The Shanghai Cooperation Organization (SCO) was formed by China, Kazakhstan, Kyrgyzstan, Russia, and Tajikistan in 2001. It is a Eurasia political, economic, international security, and defense organization that counters Western influence in Eurasia.
Representatives from all member countries and two SCO bodies, the secretariat and Regional Anti-Terrorist Structure (RATS), joined the July 4, 2023 summit along with Iran, Belarus, and Mongolia, who were invited as Observer States. Prime Minister Narendra Modi of India, who chaired the meeting, invited Turkmenistan as its guest.
Over the years, SCO has grown in membership and diversification of its agenda. The implosion of the Soviet Union and its replacement by the present structure of the Russian Federation in 1991 created a vacuum in the vast Central Asian region.
Russia and China were concerned about Western powers, including the United States, trying to fill the void. As something like a bridge between the East and the West, Central Asia’s strategic location is very attractive to the ambitious powers in the European and Asian Continents.
While Russia is facing a challenge from the US and NATO, a phenomenon that has become more explosive since the beginning of the Russian-Ukrainian war in 2022, economic and strategic rivalry between the United States and China is intensifying with the passing of each day.
Russia and China are almost on the same line in realizing the dangers to their economic structures and national security inherent in allowing the Central Asian region to linger in a state of vacuum.
The theme of the SCO Summit 2023 was ‘SECURE,’ which stands for security, economic development, connectivity, unity, respect for sovereignty and territorial integrity, and environmental protection.
During the SCO summit, President Vladimir Putin stated that Russia was committed to standing against Western sanctions and provocations. He emphasized the importance of boosting ties within the SCO and supporting the use of local currencies in foreign trade settlements. Putin also warned about the increasing potential for conflicts and the risk of a global economic crisis.
Chinese President Xi Jinping urged leaders from Russia, Iran, and other member states to work together to safeguard regional peace. He emphasized the need for common security and called for enhanced solidarity and mutual trust among SCO members.
In normal practices of conducting diplomacy, there should have ensued subtle rivalry and clash of interests between Russia and China after the dismemberment of the erstwhile Soviet Union. But that was not visible openly though Moscow did entertain apprehensions.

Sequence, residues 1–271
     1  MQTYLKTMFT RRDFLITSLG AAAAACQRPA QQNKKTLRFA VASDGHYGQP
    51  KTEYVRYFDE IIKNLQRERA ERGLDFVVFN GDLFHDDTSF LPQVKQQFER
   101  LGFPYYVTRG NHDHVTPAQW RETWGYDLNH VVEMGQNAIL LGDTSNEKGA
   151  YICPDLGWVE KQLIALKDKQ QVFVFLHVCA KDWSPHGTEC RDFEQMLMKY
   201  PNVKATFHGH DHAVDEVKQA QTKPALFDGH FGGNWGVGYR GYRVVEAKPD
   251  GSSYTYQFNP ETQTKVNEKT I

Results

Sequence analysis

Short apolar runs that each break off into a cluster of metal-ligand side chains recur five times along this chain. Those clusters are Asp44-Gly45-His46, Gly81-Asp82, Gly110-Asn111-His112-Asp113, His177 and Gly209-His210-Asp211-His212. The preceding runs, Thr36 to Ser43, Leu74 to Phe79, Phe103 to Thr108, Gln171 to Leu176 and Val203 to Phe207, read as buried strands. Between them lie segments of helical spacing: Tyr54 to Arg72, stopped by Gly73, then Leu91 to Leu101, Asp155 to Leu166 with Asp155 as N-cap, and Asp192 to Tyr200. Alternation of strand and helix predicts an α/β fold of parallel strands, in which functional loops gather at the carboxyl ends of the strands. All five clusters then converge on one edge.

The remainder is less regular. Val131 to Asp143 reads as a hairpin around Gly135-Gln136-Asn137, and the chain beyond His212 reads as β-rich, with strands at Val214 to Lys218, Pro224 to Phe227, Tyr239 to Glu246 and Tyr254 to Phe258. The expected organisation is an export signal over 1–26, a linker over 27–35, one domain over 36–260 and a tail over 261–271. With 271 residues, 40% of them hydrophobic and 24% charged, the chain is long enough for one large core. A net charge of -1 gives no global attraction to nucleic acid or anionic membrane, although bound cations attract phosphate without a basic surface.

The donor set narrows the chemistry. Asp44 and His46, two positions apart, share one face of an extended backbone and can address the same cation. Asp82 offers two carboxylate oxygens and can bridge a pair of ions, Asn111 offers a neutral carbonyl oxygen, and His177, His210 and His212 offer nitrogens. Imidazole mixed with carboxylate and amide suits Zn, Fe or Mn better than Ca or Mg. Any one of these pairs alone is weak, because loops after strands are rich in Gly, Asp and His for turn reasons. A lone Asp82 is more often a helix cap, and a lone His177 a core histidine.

At least to show a semblance of a smooth relationship with the Central Asian States after 1991, Russia tried new and acceptable parameters of relationship with all of the five Central and two Trans-Caspian republics.
This included the Collective Security Treaty Organization (CSTO), which maintains a peacekeeping force deployed in conflict areas. The force comprises troops from member states and is designed to provide regional stability and security.
Today, China and Russia both desire the Shanghai Cooperation Organization (SCO) expansion by reaching out to countries sanctioned by the West and offering “alternative options” to the established order. The strategic scenario springing from the Ukrainian war has catalyzed Russia’s vision of an expanded SCO.
“By including Iran and putting Belarus on track for membership, it had ‘sent a signal’ to the world that there were options for greater Eurasian integration and to counter the Western liberal order,” said Ilayda Nijhar, a global risk analyst at Oracle Data Integrator (ODI), a global affairs think tank. She added that “SCO was gaining popularity across the “non-aligned” parts of the world. Geopolitically, China and Russia are looking to play the long game here.”
After India and Pakistan joined in 2017, Iran joined this year, and Belarus, another country under Western sanctions, is expected to join next year. The organization’s constitution allows members to invite ‘dialogue partners’ to participate in specialized discussions.
More than a dozen countries have been given this status, the latest being Bahrain, Kuwait, the UAE, the Maldives, and Myanmar.
Some researchers think Russia’s call at the July 4 summit for deeper cooperation among the bloc was “demonstrating to the world once again that they have alternative options and that the West can close it out of whatever structures it wants.”
One opinion is that there could be some countries not usually hostile to the West but still staying with the SCO. India is an example, and so are the Central Asian Republics.
However, by and large, the countries that comprise the SCO, including those waiting for permanent membership, generally have the common understanding that SCO countries, or the Global South, have been affected by many coercive policies of the Western countries.
Therefore, they see a common ground to work together. Some countries feel they are economically vulnerable and, as such, want to be secure. Food and energy challenges are also of much concern to them.
The overall scenario is that the SCO is expanding in the numerical and thematic areas. Analysts increasingly see the SCO as a bulwark to the West as it steps up security cooperation through mechanisms such as the Regional Anti-Terror Structure.
The opening words of the Chairman of the Summit, Prime Minister Narendra Modi, resounded the vision of the organization.